The initial draft also emphasized that Gaston was feared by the village rather than truly loved during the aftermath of the wedding scene, where he went over to the wedding cake in fury and the villagers were horrified. One of the cut lyrics for the Gaston song also had "Who breaks hearts like Gaston", implying that even before the Beast entered the picture, Gaston was a very treacherous individual to his friends and allies.

He also was intended to directly go over to Monsieur D'Arque 's asylum to recruit him, instead of having him arrive at the Tavern illicitly. Death Story threads show that in the original screenplayGaston would have tried to use his sword to stab the Beast, only to lose his balance and fall off the garden wall to his death.

Beauty pays

In the screenplayGaston was not meant to be killed at the end of the film. Instead, the Beast was to finish their battle via knocking him over a wall, leaving him unconscious. In one of the earliest scripts, Gaston's death would have been different, as the battle against Beast would have taken place in the forest.

In this early version of the script Gaston would wound the Beast and nearly kill him with his gun, when Belle strikes him from behind with a rock.

This would have prompted him to fall off a cliff. Upon trying to stand up, he notices that the wolves who attacked Maurice and Belle earlier are looking at him, and kill him. This idea was scrapped because the writers thought that it was too gruesome and horrible.

Although this idea was later used in The Lion Kingmore specifically in the sequence of Scar 's death at the hands or rather, jaws of the hyenas.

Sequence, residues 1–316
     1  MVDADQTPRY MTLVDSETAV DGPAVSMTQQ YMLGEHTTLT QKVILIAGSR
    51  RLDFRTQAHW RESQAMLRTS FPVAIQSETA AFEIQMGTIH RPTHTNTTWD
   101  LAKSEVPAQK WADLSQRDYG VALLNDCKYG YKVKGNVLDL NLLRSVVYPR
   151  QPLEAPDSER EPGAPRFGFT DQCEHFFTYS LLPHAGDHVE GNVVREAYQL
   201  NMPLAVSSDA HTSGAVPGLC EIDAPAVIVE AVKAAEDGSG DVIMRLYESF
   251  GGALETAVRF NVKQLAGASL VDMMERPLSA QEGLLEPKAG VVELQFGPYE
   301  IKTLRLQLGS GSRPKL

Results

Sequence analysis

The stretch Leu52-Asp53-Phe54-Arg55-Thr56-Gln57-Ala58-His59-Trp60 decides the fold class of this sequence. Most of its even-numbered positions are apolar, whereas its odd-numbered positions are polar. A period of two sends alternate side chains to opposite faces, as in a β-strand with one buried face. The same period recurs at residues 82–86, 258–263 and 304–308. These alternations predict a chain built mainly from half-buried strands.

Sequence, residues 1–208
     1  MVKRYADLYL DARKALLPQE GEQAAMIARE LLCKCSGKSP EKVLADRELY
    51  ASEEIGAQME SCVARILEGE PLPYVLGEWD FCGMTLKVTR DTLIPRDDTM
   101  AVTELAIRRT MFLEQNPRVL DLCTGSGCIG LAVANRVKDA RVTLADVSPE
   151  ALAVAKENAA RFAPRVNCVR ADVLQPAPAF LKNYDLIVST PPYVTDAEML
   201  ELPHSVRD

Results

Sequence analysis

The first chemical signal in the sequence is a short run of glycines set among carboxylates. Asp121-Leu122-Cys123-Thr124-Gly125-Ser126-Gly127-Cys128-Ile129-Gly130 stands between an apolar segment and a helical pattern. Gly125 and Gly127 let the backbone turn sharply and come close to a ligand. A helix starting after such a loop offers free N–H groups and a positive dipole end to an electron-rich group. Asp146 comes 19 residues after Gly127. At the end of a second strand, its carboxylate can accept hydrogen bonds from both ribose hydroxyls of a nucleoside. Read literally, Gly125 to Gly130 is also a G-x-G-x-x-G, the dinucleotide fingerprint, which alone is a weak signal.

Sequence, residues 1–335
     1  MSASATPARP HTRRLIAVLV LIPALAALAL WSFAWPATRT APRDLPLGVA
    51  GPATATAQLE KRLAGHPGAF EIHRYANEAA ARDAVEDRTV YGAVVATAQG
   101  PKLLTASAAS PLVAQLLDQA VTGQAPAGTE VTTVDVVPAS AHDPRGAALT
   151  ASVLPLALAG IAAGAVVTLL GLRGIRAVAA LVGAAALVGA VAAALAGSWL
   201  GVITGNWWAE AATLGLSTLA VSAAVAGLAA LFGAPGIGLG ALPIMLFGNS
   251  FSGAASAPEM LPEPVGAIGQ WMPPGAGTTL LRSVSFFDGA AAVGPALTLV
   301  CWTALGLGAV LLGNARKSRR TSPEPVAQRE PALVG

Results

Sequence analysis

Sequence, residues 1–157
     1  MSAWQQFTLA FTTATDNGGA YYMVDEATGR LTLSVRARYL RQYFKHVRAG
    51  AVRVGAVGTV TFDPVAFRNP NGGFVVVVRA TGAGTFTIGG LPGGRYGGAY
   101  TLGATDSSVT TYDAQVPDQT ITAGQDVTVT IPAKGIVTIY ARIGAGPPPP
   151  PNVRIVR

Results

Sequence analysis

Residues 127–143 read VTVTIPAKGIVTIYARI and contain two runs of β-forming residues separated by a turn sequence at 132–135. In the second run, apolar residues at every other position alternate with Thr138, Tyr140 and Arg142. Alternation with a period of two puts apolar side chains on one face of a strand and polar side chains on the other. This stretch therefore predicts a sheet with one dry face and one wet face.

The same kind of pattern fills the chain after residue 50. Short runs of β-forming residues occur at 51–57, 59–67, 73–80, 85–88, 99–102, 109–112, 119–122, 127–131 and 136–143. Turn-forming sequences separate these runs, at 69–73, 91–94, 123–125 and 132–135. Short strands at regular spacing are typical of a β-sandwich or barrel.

Ironically, the above mentioned scene of Scar's death as the final version of the ending was chosen for the exact same reason why Gaston's original death was cut: The original ending was deemed to be too graphic and scary for a Disney film.

In addition, the final version of Gaston's death also had some alterations: However, this was edited out due to the dark nature of the scene. In the initial draft of Linda Woolverton's story, Beast would have immediately fought Gaston after the latter kicked the footstool, with the Wardrobe also aiding Beast to some degree.

In addition, Gaston, after Beast decided to be merciful and spare him, proceeded to run Beast through the back with his sword, with Beast in turn punching him off the balcony to his death.

Personality Gaston is strong and handsome, and exploited these traits to the fullest. While it is not clear if he considers himself as a good person or not like Ratcliffe and Frollo dothe villiagers very much do, considering how popular he is with them especially the Bimbette tripletsand seem unaware of his true nature Gaston reprise in the original film notwithstandingand this serves to fuel his already massive ego.

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Gaston is the main antagonist of Disney's animated feature film, Beauty and the Beast. He was an arrogant and chauvinistic hunter who was determined to have Belle's hand in marriage, even by force if necessary.

This obsession turned him into a ruthless and traitorous villain, especially.